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It’s been 10 years since the Labour government committed that all new homes would be ‘zero carbon’ and introduced the Code for Sustainable Homes, a code against which the sustainability of new homes could be rated.

Skepticism about whether such ambitious targets could be met was justified. The economic footprint of the UK House Building Industry is significant and housing is seen as a key driver of UK economic growth. One of the biggest impacts of a lack of housing supply is affordability. It therefore came as no surprise this week to hear that the government has overruled the House of Lords and again scrapped the zero-carbon homes policy in a bid to boost house building.

The news has however been a huge blow to the green building industry and housebuilders, planners and green groups have all condemned the move. The coalition Government amended the initial proposals to balance zero carbon goals and the stimulation of growth in the house building industry. The concept of ‘Allowable Solutions’ was introduced to widen the off-site carbon reduction options This has been widely criticised as it favours offsite contributions rather than actual on site solutions that would directly benefit the homeowner and the environment. The abandoned zero-carbon rules, due to come in to force this year, would have required new housing developments to generate energy through renewable sources such as solar panels or ground-source heat pumps.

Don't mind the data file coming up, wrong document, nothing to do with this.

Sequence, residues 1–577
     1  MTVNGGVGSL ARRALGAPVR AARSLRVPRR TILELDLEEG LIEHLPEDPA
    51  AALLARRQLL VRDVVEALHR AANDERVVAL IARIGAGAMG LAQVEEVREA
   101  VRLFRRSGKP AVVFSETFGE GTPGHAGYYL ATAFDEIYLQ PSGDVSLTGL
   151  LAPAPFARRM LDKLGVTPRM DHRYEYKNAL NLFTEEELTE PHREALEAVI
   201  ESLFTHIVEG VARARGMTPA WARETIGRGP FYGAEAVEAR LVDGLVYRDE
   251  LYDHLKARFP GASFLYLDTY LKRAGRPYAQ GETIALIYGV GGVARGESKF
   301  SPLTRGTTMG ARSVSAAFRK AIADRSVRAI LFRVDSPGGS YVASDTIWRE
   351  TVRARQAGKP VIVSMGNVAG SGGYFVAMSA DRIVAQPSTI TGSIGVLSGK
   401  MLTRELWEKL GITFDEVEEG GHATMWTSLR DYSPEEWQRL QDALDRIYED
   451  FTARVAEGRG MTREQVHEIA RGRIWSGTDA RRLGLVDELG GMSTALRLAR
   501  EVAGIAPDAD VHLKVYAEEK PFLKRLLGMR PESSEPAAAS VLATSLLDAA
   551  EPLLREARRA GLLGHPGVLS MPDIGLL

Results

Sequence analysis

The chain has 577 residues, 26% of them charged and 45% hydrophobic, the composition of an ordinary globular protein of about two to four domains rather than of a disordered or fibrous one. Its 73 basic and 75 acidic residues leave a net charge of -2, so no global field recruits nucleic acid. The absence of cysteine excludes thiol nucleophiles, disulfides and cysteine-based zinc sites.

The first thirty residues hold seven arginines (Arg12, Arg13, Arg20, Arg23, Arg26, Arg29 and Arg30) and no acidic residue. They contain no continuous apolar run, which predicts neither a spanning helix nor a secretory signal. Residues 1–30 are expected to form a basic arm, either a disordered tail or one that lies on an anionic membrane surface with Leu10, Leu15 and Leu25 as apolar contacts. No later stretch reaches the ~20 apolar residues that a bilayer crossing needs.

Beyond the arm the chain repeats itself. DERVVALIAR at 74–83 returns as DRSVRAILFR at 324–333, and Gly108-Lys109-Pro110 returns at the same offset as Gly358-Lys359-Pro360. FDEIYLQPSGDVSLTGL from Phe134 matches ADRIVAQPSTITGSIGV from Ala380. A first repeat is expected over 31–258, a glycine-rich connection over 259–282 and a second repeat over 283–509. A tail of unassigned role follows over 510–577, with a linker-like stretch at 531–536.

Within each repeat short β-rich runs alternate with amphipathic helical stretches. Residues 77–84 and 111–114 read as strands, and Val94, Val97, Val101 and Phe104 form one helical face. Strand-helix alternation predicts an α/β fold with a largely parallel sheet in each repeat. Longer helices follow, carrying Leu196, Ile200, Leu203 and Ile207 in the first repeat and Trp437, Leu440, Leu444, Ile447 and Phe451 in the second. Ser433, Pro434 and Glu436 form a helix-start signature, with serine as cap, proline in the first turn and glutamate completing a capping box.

A new benchmark for building the high-quality, sustainable homes will need to be put in place. It remains to be seen whether developers will continue to use carbon offsetting, but new targets which help developers and builders in terms of energy efficiency and on-site low carbon might offer new opportunities to provide better performing buildings. It is already affordable to achieve the zero carbon home 2016 standard through existing fabric efficiency measures, such as Passivhaus.

The EU directive on energy performance of buildings requires member states to implement legislation to ensure that all new homes are “nearly zero carbon” by 2020. Building fabric energy efficiency standards and on-site low-carbon energy may be selected as the new benchmark target. It is disappointing that due to financial constraints new housing developments won’t be required to generate clean energy. Performance driven design may be the key to meeting the 2020 targets and ensuring that new houses require minimal heating, even if they are dependent on pulling energy from the grid. As designers we should be looking at a ‘fabric first’ approach to ensure that sustainable buildings are achieved through excellence in design, rather than a reliance on bolt on technologies.

Whatever the outcome, as designers, we are committed not just to meeting targets 4 years or 34 years from now, but designing houses fit for future generations.